DEA Rejects Proposal to Change Classification of Marijuana

by Brian Williams
PharmD, Research Fellow

Marijuana remains a Schedule I drug

In a letter from Acting Administrator Chuck Rosenberg, the U.S. Drug Enforcement Administration (DEA) has rejected a proposal to change the federal classification of marijuana from a Schedule I to a Schedule II drug. By keeping it in Schedule I, the DEA is maintaining that marijuana has no currently accepted medical use in treatment in the United States, a lack of accepted safety for use under medical supervision, and a high potential for abuse. As a point of clarification, Mr. Rosenberg mentions that while marijuana is less dangerous than some substances in other schedules, criteria for inclusion in Schedule I is not relative danger, but specific statutory criteria based on medical and scientific evidence.

Continuing medical marijuana research

Currently, there is only one entity authorized to produce marijuana to supply researchers in the United States – the University of Mississippi. The DEA will continue to work with the National Institute on Drug Abuse (NIDA) to ensure that there is a sufficient supply of marijuana and its derivatives to support legitimate research needs. This will now include approving additional growers of marijuana to supply researchers. In addition, the DEA is building an online application system for researchers to apply for Schedule I research registrations, including for marijuana, and drafting clear guidance to assist Schedule I researchers in the application process.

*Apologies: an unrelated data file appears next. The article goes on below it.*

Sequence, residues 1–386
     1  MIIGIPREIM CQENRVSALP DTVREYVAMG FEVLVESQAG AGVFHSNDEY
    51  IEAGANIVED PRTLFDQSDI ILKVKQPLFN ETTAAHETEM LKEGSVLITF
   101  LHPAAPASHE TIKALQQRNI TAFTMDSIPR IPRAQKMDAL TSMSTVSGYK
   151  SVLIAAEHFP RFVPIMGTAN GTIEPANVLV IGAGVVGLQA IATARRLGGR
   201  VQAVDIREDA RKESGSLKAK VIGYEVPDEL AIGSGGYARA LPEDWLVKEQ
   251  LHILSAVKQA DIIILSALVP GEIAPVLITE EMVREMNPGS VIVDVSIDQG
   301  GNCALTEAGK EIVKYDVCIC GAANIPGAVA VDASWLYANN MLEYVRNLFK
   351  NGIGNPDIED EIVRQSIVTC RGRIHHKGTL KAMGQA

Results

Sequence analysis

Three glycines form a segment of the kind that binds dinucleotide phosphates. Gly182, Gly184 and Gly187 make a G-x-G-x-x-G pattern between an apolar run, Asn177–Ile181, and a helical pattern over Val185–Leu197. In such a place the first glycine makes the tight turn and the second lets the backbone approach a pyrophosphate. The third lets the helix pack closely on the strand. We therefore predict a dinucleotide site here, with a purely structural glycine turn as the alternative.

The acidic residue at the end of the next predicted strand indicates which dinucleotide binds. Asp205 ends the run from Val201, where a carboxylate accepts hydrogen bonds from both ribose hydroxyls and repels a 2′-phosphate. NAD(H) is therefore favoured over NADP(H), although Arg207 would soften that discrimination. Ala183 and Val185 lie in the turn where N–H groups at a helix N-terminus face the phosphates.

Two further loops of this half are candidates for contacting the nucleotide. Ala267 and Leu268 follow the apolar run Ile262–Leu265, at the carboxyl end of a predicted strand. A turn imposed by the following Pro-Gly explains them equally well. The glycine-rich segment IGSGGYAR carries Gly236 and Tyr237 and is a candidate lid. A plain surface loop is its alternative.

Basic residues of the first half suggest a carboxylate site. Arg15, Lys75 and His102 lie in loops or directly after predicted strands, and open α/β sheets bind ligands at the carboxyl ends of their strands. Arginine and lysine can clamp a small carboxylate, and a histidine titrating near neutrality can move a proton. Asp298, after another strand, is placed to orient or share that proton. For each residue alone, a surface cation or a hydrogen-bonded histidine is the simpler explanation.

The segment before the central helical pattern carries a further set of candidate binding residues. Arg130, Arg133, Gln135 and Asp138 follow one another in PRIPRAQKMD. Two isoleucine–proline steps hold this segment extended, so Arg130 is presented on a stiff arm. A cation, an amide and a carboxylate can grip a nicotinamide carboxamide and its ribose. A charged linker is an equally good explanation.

If the scientific understanding about marijuana changes, this decision could change as well. The DEA will continue to support and promote legitimate research regarding marijuana and its constituent parts. If FDA-approved clinical trials show safety and efficacy for the treatment of a specific medical condition, that would be seen as a welcome development. The Administration insists that any research be sound, scientific, and rigorous before a product can be authorized for medical use. That is the province of the FDA.

What this means to you:

  • Marijuana is still considered an illicit drug at the federal level
  • Marijuana is not an FDA-approved drug
  • Guidelines do not support its use